Sci-fi scientists look in the farthest most remote
    atmospheres for life and red herrings, myths
    to live by and fantasies to smoke, magic dragons to puff.
    But that is all for an imaginary tomorrow, cowering
    in fear of a fictionalized past that has sworn
    revenge on the far-fetched future.
    Such are the menu options for consciousness,
    three dimensions three tenses three personal
    pronouns and a pocket full of tissues.
    The choices are ours, to run and hide
    or to stand and fight, with possibly a third
    option still grooming on the side.
    Regardless of the ultimate method and final
    forage for fruit, though, just remember that we
    should all be civil, and polite, and seek our highest
    common denominators, not sink to our lowest…

     
  • hardie karges 6:58 am on April 12, 2019 Permalink | Reply
    Tags: , , , renunciation,   

    The Word and the World, Both Too Much with Us 

    You can be in the world and not be of the world, and that is important for those of us who choose other-worldly pursuits, as typically defined, with pleasure not reduced to sensation and payments largely in kind. Money is the mark of the beast and possession is his hand-maiden, the need to accumulate more and more, bigger and bigger, the ultimate swindle, as if existence cold be quantified and life codified. But total Buddhist renunciation is not possible, either, except for brief retreats, because to live in a world removed is only possible with strings and ties, so the same dreaded possession to be avoided, ultimately. The answer is to carry that beloved retreat with you, and me, in your head to be applied liberally at any convenient point of contact, and as constant reminder of the blessings of omission to which you, and I, have pledged heartfelt allegiance. Every mouthly utterance should be a word’s worth. True freedom is internal as well as external…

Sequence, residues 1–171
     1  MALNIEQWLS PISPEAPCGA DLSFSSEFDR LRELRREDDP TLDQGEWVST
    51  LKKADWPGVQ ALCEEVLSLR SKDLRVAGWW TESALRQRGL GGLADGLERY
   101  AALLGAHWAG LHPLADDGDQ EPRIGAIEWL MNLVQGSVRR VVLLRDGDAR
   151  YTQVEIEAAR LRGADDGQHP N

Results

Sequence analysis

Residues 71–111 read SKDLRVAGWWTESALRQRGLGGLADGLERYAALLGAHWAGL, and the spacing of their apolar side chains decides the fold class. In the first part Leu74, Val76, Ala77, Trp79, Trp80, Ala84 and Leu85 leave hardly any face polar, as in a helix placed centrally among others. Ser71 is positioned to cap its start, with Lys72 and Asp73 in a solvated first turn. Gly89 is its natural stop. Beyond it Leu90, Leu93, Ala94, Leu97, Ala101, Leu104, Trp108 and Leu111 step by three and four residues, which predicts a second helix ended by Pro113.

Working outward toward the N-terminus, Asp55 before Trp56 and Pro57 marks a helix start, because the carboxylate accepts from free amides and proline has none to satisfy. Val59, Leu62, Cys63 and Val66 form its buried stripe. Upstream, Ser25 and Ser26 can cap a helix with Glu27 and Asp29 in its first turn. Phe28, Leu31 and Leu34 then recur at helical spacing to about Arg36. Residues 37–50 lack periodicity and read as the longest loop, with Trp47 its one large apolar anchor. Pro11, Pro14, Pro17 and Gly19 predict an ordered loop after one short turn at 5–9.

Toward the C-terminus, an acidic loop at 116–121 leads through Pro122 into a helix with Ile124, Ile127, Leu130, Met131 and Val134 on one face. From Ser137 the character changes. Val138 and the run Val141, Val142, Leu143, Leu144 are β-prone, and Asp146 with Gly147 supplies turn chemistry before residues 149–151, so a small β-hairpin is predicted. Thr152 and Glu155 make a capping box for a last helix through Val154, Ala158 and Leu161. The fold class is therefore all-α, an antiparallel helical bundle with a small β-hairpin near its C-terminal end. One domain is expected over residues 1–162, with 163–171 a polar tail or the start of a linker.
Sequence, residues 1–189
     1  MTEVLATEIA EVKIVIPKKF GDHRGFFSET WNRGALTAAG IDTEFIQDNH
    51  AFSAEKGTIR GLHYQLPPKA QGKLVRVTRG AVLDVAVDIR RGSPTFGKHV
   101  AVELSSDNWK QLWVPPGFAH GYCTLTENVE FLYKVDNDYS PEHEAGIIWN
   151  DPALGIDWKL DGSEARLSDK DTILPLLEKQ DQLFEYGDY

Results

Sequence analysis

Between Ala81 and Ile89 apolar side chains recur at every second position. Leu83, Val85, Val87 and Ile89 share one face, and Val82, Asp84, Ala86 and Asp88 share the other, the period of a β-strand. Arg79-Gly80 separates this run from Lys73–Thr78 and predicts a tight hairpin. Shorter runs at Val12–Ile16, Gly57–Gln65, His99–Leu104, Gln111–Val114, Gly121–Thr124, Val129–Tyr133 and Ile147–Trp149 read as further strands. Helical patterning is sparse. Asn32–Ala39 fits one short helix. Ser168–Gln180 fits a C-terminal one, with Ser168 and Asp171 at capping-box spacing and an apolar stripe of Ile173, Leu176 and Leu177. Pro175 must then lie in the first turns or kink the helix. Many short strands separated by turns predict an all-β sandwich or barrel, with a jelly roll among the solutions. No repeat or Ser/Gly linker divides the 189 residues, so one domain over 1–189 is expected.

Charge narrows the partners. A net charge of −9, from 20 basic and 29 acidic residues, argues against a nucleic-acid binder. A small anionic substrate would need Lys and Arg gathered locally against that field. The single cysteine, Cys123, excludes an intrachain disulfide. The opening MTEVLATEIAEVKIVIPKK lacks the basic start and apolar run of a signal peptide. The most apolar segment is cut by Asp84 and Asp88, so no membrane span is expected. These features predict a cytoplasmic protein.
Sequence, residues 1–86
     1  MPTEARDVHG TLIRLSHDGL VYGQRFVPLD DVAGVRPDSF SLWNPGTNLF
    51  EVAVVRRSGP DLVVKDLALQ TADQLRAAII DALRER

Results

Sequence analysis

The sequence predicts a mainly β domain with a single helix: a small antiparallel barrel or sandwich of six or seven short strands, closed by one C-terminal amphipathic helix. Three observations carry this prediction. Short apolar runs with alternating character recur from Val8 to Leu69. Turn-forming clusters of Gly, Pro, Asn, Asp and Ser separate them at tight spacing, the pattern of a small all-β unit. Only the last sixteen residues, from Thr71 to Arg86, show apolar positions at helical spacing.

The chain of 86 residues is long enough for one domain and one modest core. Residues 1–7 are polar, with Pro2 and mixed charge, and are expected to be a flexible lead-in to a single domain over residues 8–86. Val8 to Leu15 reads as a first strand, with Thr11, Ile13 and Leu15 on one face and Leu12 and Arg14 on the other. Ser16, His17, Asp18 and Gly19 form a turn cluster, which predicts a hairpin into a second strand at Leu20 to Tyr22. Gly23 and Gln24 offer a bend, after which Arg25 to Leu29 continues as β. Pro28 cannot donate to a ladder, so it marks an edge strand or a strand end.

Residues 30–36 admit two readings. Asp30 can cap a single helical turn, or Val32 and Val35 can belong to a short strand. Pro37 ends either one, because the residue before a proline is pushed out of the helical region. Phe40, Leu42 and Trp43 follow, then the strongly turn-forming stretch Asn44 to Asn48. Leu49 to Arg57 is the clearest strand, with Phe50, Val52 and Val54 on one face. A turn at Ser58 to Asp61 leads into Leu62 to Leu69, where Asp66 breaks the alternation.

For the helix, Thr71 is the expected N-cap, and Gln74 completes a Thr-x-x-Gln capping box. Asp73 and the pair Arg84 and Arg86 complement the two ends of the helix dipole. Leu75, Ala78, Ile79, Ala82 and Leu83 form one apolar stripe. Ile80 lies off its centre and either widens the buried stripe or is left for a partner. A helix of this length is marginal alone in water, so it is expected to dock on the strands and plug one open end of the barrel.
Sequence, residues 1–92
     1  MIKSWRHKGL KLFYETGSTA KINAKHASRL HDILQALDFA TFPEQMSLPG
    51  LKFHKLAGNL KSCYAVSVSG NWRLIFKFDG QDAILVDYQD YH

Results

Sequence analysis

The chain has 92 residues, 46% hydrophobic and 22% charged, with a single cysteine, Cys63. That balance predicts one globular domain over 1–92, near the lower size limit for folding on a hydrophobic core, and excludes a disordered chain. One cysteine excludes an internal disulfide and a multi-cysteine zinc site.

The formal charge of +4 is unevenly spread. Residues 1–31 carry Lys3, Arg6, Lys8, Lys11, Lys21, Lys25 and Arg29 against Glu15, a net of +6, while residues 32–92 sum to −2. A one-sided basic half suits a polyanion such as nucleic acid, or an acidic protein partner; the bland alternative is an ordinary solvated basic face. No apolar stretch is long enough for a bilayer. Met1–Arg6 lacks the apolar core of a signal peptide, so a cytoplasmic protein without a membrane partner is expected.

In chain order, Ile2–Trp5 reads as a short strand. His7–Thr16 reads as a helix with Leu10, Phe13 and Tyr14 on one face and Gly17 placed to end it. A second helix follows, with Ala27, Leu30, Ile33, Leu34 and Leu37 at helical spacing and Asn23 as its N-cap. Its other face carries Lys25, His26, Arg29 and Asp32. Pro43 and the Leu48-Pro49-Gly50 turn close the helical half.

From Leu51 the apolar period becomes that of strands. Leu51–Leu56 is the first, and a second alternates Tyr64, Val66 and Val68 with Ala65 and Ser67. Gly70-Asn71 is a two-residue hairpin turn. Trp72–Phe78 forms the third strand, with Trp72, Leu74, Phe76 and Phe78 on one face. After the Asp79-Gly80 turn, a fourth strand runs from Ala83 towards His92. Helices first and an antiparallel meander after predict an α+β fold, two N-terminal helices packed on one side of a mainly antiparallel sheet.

• hardie karges 4:11 am on November 11, 2018 Permalink | Reply
    Tags: , Brahmanization, , , , holy war, , , renunciation,   

    Buddhist Holy War, Part II: Tune in, turn on, drop out… 

    img_1893(continued from previous)

    The Buddhist situation 2500 years ago may indeed have been not so different from our own, with a rapidly expanding population soon to go into a stall, and the Brahmanization of India underway, i.e. the caste system, threatening to lock people into a form of submission to which they’d never previously been subjected. And it’s no accident that so many religions sprouted within a half millennium or so of the beginning of the common era, with any self-respecting guru prophesying the End of Days…